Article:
Boogie Nights (1997, dir. Paul Thomas Anderson) Paul Thomas Anderson’s parable about the pornography industry in the 1970s San Fernando Valley, California shines a light on a unique and unusual time and place in American history. It follows the escapades of Dirk Diggler, played by Mark Wahlberg, a young man who falls into the seedy underbelly of pornography after being scouted by a director, played by Burt Reynolds. The film received Academy Award nominations for Best Supporting Actor, Best Supporting Actress, and Best Original Screenplay, and features supporting turns from acclaimed actors such as John C. Reilly and Philip Seymour Hoffman. The movie that helped establish Anderson as a director is also one of his best, highlighting a history that people prefer to ignore and analyzing sexual and social norms during the Sexual Revolution.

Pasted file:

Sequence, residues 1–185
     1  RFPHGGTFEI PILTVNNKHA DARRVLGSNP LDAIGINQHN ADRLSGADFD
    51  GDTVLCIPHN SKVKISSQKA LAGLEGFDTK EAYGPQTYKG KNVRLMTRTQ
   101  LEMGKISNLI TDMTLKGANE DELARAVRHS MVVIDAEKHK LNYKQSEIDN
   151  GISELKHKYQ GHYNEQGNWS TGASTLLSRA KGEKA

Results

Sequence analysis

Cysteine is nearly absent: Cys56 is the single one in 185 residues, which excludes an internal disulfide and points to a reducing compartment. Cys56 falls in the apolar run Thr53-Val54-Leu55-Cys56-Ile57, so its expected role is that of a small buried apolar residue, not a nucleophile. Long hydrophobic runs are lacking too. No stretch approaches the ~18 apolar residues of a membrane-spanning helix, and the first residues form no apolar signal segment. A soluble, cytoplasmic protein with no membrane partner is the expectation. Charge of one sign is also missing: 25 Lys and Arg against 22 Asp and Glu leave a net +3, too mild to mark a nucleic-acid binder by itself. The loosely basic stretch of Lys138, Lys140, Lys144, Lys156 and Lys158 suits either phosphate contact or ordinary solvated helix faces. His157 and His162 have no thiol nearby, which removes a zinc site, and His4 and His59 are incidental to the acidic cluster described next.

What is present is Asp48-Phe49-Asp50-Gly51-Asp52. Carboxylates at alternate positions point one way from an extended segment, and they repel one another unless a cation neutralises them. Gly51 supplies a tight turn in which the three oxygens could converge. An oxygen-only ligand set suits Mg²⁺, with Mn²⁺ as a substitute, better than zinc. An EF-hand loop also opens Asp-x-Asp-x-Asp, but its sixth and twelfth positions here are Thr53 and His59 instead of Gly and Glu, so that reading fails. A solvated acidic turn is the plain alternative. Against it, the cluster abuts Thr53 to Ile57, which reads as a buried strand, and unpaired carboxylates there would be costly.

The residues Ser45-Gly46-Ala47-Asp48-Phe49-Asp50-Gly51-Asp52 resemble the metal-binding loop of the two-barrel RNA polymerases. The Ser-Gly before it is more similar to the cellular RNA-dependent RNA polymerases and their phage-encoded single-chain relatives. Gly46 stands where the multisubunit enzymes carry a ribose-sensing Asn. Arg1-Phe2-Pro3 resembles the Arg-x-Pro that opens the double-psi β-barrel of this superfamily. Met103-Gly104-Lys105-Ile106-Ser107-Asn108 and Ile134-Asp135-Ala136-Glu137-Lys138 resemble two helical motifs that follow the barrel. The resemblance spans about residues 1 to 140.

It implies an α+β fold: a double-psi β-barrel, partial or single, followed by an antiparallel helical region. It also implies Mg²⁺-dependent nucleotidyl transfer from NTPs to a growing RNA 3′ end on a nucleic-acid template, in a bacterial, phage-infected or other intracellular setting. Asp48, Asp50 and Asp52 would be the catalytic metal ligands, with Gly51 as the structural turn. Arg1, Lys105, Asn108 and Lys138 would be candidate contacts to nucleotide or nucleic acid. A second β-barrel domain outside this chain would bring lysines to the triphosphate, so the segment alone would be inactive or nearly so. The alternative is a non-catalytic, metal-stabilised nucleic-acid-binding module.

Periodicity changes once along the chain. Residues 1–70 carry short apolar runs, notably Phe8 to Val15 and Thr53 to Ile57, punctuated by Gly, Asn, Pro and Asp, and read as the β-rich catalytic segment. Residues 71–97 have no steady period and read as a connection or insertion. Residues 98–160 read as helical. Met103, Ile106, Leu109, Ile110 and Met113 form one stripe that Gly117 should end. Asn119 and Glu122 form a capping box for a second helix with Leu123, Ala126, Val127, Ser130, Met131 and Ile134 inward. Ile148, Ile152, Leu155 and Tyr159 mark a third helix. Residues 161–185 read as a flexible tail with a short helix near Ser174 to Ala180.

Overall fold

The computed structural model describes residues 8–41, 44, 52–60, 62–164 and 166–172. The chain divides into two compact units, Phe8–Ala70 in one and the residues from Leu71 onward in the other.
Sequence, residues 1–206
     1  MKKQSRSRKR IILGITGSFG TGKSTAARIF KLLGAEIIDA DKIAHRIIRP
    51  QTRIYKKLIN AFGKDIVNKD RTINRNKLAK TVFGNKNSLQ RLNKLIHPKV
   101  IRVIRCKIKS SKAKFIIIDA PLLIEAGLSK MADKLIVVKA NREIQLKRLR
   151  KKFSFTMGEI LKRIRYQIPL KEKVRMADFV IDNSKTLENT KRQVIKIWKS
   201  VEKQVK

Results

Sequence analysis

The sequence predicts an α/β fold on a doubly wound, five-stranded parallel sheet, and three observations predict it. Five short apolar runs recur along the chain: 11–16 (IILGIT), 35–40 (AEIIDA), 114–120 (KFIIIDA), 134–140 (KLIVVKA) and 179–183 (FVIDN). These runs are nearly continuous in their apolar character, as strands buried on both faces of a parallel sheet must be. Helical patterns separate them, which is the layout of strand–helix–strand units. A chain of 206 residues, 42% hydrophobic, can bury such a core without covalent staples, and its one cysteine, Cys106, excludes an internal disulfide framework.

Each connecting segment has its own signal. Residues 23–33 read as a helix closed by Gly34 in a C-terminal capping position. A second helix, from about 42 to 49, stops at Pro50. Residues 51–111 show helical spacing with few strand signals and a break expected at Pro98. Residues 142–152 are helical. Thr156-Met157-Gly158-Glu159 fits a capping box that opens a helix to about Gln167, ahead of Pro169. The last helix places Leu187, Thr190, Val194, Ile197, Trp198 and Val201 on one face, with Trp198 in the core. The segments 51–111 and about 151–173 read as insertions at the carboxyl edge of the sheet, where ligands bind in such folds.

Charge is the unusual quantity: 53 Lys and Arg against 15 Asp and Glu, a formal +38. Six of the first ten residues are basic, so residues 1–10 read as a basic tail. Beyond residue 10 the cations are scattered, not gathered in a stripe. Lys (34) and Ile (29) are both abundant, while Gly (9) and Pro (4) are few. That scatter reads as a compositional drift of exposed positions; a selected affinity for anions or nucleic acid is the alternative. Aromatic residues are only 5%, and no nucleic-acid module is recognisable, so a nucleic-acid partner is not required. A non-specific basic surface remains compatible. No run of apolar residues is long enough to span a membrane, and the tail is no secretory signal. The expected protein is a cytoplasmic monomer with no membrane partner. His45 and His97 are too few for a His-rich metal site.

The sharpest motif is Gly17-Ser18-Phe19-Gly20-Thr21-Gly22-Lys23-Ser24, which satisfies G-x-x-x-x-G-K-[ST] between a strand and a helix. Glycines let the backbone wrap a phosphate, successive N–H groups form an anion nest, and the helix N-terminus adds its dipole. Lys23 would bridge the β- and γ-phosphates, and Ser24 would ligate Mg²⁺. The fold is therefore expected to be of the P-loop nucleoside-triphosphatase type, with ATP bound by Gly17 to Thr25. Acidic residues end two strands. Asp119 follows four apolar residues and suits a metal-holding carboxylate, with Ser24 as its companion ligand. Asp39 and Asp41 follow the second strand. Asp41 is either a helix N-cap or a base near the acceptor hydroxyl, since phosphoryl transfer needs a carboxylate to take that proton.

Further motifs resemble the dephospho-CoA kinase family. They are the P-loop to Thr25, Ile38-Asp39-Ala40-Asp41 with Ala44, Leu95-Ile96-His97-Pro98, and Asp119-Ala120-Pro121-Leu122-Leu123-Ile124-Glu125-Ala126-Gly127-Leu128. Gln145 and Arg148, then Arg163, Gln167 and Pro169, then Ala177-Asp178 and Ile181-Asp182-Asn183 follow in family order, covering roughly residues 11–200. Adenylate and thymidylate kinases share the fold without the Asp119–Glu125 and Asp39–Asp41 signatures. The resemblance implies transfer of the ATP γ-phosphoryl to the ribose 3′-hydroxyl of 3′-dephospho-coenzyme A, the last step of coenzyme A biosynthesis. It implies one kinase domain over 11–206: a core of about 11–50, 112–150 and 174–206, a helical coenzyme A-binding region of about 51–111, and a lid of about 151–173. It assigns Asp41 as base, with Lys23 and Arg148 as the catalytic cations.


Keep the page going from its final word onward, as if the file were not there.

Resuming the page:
The Lion King (1994, dirs. Roger Allers and Rob Minkoff) The most popular film of the “Disney Renaissance” of the late 80s-early 90s is an animated tale for the ages, a Disney film with no human characters that focuses on the rich natural history of the African continent. A modern take on Shakespeare’s Hamlet, the film deals with a lion cub named Simba, a prince who competes with his uncle Scar for who will rule his kingdom. Featuring some of the best Disney animation of all time, and immortal songs such as “Can You Feel The Love Tonight?” and “Hakuna Matata”, a subsequent adaptation as a Broadway musical, and numerous parodies and references in popular culture, The Lion King has cemented itself as a guaranteed phenomenon for children and adults of all ages. The Lion King was the first film I saw in theaters when I was 3, and it holds a special place in my heart.